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   Design disclosure - One year rule?
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   Author  Topic: Design disclosure - One year rule?  (Read 534 times)
poddesign
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Design disclosure - One year rule?
« on: Aug 16th, 2006, 8:04pm »
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Hello,
 
If you are seeking a design patent on a product you originally conceived several years ago, how do the following scenarios effect patent eligibility?
 
1.) An early version of the design, featuring the key patentable element,  was entered into a design competition several years ago.  A prototype was submitted and returned with no recongnition awarded to the design and no public display of the entry.  The competition bylaws explictly stated that the designer retains all rights/ownership of any submitted designs.
 
2.) A version of the design , featuring the key patentable element, was shown to a potential manufacturer and offered for licensing during the development phase of the design several years ago.  The company declined the licensing option and recommended another potential manufacturer.
 
3.) A version of the design, featuring the key patentable element, was shown to a potential manufacturer under a non-disclosure agreement and a contract to license the design in return for a royalty percentage was signed.  The manufacturer did not develop, market, or display the design in anyway and now has optioned to void the contract under the designers discretion, just short of the one year life of the licensing contract.
 
Any help/insight would be graetly appreciated. Thanks.
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Bill Richards
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Re: Design disclosure - One year rule?
« Reply #1 on: Aug 16th, 2006, 8:31pm »
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No. 1:  Probably OK.  Arguably not a "publication" or public use.
 
No. 2:  An offer for sale, even if not accepted triggers the one-year bar.  You need to look at this more closely.  The item also has to be "ready for patenting".  Given your wording, this may well be true, but it's hard to tell without all the details.
 
No. 3:  The same as No. 2.  The problem is that the general rule is one cannot commercially expolit the invention more than one year ahead of the filing.
 
I'd suggest you contact a patent attorney to whom you can give all the details and ask for an opinion.  There are those on this Forum, including myself, who would be able to help.  In fact, others may chime in with a definitive answer just based upon the facts presented.  But, it's always good to get an opinion based upon all the facts.  Facts that should not be presented in this public forum.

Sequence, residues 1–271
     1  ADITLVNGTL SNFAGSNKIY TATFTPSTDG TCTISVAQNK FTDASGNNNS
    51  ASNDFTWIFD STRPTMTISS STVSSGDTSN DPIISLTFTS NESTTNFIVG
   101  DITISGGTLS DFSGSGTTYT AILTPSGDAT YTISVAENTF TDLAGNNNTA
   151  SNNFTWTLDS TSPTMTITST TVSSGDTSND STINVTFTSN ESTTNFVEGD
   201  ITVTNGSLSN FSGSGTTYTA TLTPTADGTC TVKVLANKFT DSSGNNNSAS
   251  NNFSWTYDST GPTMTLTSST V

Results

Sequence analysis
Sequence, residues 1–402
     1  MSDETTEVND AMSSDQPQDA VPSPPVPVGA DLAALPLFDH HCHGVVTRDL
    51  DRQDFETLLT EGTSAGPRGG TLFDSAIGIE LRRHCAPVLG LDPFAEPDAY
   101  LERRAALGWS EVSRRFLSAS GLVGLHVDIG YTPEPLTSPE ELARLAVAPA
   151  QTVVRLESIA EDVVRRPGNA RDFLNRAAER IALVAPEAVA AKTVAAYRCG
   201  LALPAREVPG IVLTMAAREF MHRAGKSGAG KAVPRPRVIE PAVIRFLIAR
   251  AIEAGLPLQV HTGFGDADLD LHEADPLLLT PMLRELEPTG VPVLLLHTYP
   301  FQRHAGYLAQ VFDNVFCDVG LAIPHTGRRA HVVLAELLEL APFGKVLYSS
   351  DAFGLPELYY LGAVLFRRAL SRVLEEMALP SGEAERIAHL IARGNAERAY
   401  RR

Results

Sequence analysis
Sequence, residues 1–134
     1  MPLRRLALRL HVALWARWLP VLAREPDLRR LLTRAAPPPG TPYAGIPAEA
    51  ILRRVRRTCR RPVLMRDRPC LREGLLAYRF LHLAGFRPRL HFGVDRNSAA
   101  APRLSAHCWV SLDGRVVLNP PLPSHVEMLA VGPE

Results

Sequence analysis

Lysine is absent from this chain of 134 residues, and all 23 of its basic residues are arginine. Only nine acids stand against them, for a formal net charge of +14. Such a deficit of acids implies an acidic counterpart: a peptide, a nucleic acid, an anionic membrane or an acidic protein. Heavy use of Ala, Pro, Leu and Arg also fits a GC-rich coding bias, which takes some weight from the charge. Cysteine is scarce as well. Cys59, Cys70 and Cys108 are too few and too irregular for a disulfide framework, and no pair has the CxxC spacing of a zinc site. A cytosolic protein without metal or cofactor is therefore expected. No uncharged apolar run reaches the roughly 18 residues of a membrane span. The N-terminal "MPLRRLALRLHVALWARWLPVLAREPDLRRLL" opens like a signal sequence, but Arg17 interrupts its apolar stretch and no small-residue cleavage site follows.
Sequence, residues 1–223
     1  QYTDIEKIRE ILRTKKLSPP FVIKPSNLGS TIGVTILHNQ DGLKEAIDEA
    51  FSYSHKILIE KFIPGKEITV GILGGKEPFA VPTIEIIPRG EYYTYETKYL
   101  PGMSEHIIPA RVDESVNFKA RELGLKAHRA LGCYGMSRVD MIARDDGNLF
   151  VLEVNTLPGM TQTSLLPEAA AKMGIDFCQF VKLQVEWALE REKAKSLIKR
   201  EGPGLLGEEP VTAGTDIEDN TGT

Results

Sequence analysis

« Last Edit: Aug 16th, 2006, 8:34pm by Bill Richards » IP Logged

William B. Richards, P.E.
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Isaac
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Re: Design disclosure - One year rule?
« Reply #2 on: Aug 16th, 2006, 9:18pm »
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on Aug 16th, 2006, 8:31pm, Bill Richards wrote:
No. 2:  An offer for sale, even if not accepted triggers the one-year bar.  You need to look at this more closely.  The item also has to be "ready for patenting".  Given your wording, this may well be true, but it's hard to tell without all the details.
 
No. 3:  The same as No. 2.  The problem is that the general rule is one cannot commercially expolit the invention more than one year ahead of the filing.

 
An offer to license rights to an invention is not an offer to sell in the 102(b) sense.  
 
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Isaac
Bill Richards
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Re: Design disclosure - One year rule?
« Reply #3 on: Aug 17th, 2006, 4:54am »
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on Aug 16th, 2006, 9:18pm, Isaac wrote:

 
An offer to license rights to an invention is not an offer to sell in the 102(b) sense.  
 

 
Isaac,
 
OK, I stand corrected.  Can you expand on your post or provide a reference?  
 
Thanks!
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William B. Richards, P.E.
The Richards Law Firm
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614/939-1488
Isaac
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Re: Design disclosure - One year rule?
« Reply #4 on: Aug 17th, 2006, 6:39am »
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From Chisum on Patents
 
"Section 102(b) refers to the 'invention' being on sale in the United States. Although there is relatively little authority on the point, it seems clear that this means that an embodiment of the claimed invention was on sale.  17. Thus, an offer to sell or license the patent rights to an invention should not be viewed as an offer of the invention for sale, at least if the offer and nature of the circumstances make clear that the offeree or licensee could not sell or use such embodiments without further development work.  18. A contrary result would make it difficult for inventors with limited resources to raise capital to perfect the invention or prepare a patent application."
 
Looking at some of the case law discussed in Chisum, in a given case, the characterization of a transaction as being a license of patent rights rather than an offer to sell an embodiment of the invention can sometimes turn on some very subtle parts of the exchange.  
 
 
« Last Edit: Aug 17th, 2006, 8:18am by Isaac » IP Logged

Isaac
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